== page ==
Lisa Simpson is "possibly polyamorous," according to the showrunner of The Simpsons.
Al Jean, showrunner of The Simpsons, suggested that the future could be queer and nonmonogamous for the character, who has been depicted as age 8 on the Fox animated sitcom for the past three decades.
"I see Lisa as president and possibly polyamorous, [and] Bart enjoying life as he did at the end of the 'Barthood' episode," Jean told Metro, the United Kingdom's largest tabloid.
"Homer and Marge [are] ecstatic that everything turned out OK," Jean added.
Jean also told Metro that The Simpsons, which premiered in 1989, is looking to bring more LGBTQ diversity into its world — and Lisa may be part of that equation.
At present, the only major recurring gay characters are Lisa's aunt Patty, who came out in season 16, as well as Waylan Smithers — whose long obsession with his boss, Mr. Burns, was confirmed to be related to his gay identity in season 27. There have been many memorable LGBTQ guest stars throughout its run, however, including queer characters voiced by John Waters and RuPaul.
Although the characters in The Simpsons are frozen in time, episodes occasionally show glimpses into their pasts and futures. In one episode, an adult Lisa is seen in a family Christmas card holding hands with two other women — before having a family with a male character, Milhouse.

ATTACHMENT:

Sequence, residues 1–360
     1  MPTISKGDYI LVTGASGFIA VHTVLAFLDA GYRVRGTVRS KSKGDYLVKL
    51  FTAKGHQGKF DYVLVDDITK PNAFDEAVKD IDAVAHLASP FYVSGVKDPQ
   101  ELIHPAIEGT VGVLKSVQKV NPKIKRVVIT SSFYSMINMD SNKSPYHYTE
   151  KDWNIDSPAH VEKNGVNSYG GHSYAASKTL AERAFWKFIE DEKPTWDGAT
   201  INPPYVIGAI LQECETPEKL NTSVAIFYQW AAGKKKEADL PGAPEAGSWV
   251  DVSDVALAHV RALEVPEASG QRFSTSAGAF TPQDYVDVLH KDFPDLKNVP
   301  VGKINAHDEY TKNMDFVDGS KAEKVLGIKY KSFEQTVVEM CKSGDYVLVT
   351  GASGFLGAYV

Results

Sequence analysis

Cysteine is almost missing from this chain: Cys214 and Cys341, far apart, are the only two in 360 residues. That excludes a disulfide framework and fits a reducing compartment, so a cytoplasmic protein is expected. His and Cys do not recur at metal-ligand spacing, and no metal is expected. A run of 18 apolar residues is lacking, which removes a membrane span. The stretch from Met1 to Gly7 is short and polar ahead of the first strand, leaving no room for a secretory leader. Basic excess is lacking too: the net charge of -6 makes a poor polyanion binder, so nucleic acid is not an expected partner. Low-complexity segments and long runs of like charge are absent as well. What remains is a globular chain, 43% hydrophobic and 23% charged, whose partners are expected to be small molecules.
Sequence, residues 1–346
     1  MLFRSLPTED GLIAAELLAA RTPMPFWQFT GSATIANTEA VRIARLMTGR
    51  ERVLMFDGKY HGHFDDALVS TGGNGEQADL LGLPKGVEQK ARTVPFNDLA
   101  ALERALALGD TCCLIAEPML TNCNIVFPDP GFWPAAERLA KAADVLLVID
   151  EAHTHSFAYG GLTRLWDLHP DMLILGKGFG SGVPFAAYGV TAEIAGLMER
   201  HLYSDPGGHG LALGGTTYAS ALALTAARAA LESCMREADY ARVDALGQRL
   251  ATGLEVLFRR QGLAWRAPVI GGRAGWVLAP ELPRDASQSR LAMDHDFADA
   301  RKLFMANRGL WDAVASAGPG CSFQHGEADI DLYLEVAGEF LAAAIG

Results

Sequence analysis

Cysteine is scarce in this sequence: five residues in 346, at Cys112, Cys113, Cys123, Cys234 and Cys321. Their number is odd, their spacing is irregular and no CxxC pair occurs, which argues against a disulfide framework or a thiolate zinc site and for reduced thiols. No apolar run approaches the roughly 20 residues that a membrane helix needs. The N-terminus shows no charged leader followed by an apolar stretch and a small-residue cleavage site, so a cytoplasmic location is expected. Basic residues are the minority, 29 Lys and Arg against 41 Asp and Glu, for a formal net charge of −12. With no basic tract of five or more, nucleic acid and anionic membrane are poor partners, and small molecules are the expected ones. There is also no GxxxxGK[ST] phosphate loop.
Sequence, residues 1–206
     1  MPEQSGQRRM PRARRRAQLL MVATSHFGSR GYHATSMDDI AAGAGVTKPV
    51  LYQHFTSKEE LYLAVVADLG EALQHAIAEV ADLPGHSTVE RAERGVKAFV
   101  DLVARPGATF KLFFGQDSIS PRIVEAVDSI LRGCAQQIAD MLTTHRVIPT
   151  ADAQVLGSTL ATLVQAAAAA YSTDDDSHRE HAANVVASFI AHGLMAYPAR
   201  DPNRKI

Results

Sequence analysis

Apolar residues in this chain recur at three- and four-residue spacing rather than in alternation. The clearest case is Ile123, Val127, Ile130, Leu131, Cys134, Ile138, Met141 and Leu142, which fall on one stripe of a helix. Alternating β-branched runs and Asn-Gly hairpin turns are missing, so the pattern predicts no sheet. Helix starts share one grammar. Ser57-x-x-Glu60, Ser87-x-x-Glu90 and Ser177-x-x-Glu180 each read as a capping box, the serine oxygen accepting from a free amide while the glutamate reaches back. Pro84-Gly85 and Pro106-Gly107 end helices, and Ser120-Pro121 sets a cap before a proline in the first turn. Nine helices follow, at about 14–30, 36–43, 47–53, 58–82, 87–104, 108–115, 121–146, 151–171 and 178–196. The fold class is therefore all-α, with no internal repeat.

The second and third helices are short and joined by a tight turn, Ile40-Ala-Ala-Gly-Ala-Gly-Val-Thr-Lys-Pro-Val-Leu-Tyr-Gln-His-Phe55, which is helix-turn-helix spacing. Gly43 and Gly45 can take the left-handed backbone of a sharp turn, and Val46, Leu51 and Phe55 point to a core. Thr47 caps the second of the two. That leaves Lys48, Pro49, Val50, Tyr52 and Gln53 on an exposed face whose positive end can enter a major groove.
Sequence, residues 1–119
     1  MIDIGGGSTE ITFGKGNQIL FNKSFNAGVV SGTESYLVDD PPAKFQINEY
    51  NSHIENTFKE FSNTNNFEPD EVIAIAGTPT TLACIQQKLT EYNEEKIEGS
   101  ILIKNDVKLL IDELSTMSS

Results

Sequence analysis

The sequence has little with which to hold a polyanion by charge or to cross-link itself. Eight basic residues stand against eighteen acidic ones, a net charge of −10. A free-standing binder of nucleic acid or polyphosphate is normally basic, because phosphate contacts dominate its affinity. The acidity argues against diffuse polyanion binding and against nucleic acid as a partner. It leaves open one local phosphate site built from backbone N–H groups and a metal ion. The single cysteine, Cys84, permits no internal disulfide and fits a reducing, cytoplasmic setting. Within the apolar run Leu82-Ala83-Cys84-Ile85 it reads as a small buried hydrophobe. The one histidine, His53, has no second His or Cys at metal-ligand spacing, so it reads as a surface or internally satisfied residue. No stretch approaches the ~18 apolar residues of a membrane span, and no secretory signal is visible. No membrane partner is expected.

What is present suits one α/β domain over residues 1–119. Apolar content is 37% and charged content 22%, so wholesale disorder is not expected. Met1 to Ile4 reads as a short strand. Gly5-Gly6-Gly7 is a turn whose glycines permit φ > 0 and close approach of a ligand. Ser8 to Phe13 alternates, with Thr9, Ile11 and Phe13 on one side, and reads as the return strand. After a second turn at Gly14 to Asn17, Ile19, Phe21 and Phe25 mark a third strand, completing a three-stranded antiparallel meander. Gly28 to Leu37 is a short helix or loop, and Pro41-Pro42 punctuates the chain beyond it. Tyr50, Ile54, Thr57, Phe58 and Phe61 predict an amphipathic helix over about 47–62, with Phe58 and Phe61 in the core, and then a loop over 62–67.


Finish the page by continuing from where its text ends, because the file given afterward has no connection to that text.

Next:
In a 2000 episode, "Bart to the Future," Lisa is declared "America’s first straight female president" — presciently, she succeeded President Trump, from whom she inherited a budget crisis.
Lisa, despite her age, is a feminist character who has espoused a number of activist causes throughout The Simpsons, including women's rights and animal rights.
The actress who voices her, Yeardley Smith, is also a vocal supporter of LGBTQ rights, having recently been honored with the HRC National Leadership Award for, among other reasons, her contributions to the fight for marriage equality.
In a recent red carpet interview with The Advocate at the GLAAD Media Awards, Smith discussed how she is often told by LGBTQ people and women how Lisa is an inspiration: "It means so much to me. I never take it for granted. She means the same to me, by the way. She’s been such an inspiration, such a rock in my life. It’s been such an honor to be part of the heart and mind of that little girl."
"I always say when the series is over it’ll be very much like one of my very best friends in the world has moved away and he’s never coming back. I’ll be quite sad," Smith said. "But I love her so much. She is one of the best, most fully formed, balanced, resilient, funny, extraordinary, hilarious characters ever created on the big screen or the small I think in our generation."
Watch Smith's comments below.